Roy Jurgens on
It’s always inspiring to witness a band’s continued maturation, especially after overcoming an obstacle or three. The Jezabels, the once-frivolous, indie band from Sydney have grown into an intense, compelling unit that isn’t afraid to embrace subjects that can make a listener bristle with discomfort. It is in this spirit that director Max Hemmings’ video for the single off their latest release “Synthia” finds itself. Feminist without being militant, icily sensual without being overtly provocative, the cinema behind “Pleasure Drive” is anything but a light, pleasurable jaunt. Haunting and pulsing with a fervent darkness, the song delves into the somber territory of manipulation and pain of dysfunction, and how a victim can become haunted and jaundiced by a demeaning relationship.
Vocalist Hayley Mary channels Christina Amphlett’s sultry bangs, while her soaring vocals recall Kate Bush at her emotive peak. A nervous electricity arcs through the track, a cold undercurrent throbbing beneath the lush vocal melancholia that gives way to redemption and culminates into a tragic freedom. The song treads the difficult terrain between the hideous and stunning with an adeptness that is both sonically rich and subtle. The video’s greasy spoon backdrop captures the draining hopelessness of the subject’s damning existence. The symbolism is telling, junk food without nutrition, deliberate pain without recompense, vampirism without the relief of death. The lesson here is should you dig a well and fill it with pain, the water that springs forth will be a bitter poison that will eventually curse all that drink from it.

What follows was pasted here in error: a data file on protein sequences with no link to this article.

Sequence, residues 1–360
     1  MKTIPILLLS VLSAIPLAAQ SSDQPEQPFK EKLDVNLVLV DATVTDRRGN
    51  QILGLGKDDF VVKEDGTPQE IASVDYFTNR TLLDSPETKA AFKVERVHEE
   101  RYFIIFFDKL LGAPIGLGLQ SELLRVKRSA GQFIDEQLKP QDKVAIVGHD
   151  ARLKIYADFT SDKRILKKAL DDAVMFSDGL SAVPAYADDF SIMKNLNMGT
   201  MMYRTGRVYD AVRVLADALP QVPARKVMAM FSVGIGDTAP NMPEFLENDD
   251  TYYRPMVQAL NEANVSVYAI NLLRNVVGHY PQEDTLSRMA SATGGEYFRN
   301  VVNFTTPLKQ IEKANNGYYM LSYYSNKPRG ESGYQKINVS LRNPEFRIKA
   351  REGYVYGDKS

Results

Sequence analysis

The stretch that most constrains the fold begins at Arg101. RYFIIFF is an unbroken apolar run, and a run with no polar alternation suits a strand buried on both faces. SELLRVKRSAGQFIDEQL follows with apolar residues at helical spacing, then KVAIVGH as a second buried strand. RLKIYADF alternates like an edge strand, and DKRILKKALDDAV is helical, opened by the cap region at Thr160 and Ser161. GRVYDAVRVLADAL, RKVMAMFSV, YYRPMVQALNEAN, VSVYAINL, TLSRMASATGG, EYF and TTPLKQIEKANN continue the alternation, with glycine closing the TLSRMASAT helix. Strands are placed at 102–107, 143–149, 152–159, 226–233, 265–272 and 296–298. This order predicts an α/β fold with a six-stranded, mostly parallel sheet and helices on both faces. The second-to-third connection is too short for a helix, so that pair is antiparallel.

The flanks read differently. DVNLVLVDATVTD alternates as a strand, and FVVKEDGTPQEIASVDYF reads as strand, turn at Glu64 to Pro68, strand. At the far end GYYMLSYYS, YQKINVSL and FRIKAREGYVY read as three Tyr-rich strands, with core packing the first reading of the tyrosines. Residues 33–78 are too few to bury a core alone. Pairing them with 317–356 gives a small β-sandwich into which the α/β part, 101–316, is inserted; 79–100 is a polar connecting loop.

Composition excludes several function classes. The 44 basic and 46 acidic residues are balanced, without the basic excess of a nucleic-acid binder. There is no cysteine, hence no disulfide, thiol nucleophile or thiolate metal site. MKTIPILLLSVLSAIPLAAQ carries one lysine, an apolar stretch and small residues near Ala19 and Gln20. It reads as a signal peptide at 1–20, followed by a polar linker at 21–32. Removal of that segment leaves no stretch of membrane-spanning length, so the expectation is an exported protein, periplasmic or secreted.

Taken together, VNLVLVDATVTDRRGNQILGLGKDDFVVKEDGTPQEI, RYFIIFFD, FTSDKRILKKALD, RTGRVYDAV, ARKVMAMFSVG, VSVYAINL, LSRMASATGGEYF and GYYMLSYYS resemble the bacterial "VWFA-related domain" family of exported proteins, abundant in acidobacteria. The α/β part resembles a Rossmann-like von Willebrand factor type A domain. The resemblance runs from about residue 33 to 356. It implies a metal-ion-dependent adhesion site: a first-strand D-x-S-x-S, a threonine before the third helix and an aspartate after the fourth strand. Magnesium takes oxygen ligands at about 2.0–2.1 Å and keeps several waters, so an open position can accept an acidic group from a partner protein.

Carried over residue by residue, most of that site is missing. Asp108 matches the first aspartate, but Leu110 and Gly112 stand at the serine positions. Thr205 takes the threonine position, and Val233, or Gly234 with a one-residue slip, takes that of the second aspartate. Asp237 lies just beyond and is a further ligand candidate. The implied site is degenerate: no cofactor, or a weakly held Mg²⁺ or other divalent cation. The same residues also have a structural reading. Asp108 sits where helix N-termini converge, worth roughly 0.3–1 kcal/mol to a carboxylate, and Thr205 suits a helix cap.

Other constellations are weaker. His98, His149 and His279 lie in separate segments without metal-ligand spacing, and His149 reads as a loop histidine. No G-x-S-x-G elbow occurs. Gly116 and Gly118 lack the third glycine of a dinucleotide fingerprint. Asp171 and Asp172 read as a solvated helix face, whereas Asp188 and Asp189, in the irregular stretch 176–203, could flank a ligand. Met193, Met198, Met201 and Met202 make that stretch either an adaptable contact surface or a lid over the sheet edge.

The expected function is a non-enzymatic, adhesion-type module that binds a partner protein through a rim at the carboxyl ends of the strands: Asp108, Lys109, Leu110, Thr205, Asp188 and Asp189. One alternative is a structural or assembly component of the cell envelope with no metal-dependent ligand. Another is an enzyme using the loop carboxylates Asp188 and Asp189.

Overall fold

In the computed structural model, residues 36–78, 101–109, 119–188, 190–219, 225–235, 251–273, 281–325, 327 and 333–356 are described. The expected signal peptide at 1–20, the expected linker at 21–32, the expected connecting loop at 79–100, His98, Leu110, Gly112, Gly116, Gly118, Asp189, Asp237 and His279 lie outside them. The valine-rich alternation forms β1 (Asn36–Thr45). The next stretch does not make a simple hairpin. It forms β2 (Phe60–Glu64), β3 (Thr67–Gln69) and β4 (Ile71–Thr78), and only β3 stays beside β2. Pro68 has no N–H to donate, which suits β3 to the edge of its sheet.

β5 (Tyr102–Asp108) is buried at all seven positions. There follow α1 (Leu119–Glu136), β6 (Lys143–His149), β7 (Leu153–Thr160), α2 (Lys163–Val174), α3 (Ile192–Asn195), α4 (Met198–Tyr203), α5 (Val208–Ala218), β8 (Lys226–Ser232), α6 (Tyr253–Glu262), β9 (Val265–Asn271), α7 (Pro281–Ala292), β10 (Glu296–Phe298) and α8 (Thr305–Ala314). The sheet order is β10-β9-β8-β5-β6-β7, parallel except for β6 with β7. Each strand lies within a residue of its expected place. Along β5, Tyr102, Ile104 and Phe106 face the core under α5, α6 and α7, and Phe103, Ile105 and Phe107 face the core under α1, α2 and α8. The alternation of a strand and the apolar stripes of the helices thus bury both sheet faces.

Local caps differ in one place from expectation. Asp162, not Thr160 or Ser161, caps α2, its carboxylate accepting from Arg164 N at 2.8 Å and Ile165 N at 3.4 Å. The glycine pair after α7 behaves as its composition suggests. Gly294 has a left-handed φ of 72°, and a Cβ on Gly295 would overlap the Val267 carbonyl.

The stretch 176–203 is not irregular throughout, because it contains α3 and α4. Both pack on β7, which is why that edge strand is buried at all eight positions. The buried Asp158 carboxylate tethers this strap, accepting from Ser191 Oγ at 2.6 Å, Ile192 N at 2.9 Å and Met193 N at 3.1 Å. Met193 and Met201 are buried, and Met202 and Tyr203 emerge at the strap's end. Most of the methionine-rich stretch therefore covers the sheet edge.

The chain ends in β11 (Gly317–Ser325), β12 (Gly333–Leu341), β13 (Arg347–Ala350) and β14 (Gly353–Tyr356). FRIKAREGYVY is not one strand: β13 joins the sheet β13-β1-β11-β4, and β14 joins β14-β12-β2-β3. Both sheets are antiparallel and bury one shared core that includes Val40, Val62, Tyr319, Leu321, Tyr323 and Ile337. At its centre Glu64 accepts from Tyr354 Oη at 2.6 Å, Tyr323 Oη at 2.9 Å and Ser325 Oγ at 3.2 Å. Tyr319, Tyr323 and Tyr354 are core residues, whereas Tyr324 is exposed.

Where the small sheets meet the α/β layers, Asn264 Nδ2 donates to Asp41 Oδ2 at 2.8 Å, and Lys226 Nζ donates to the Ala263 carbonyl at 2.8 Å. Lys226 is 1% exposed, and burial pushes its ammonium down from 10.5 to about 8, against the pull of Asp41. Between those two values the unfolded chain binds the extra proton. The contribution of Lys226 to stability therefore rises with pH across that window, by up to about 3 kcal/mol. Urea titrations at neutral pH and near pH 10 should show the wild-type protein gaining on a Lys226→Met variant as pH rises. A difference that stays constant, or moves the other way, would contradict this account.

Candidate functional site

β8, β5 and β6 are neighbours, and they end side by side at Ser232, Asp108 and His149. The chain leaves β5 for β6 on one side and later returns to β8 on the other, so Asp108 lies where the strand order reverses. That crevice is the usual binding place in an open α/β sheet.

“Synthia” came out Feb. 12; as previously announced, the quartet’s touring plans are on hold while keyboardist Heather Shannon undergoes treatment for ovarian cancer.
||| Watch: The video for “Pleasure Drive”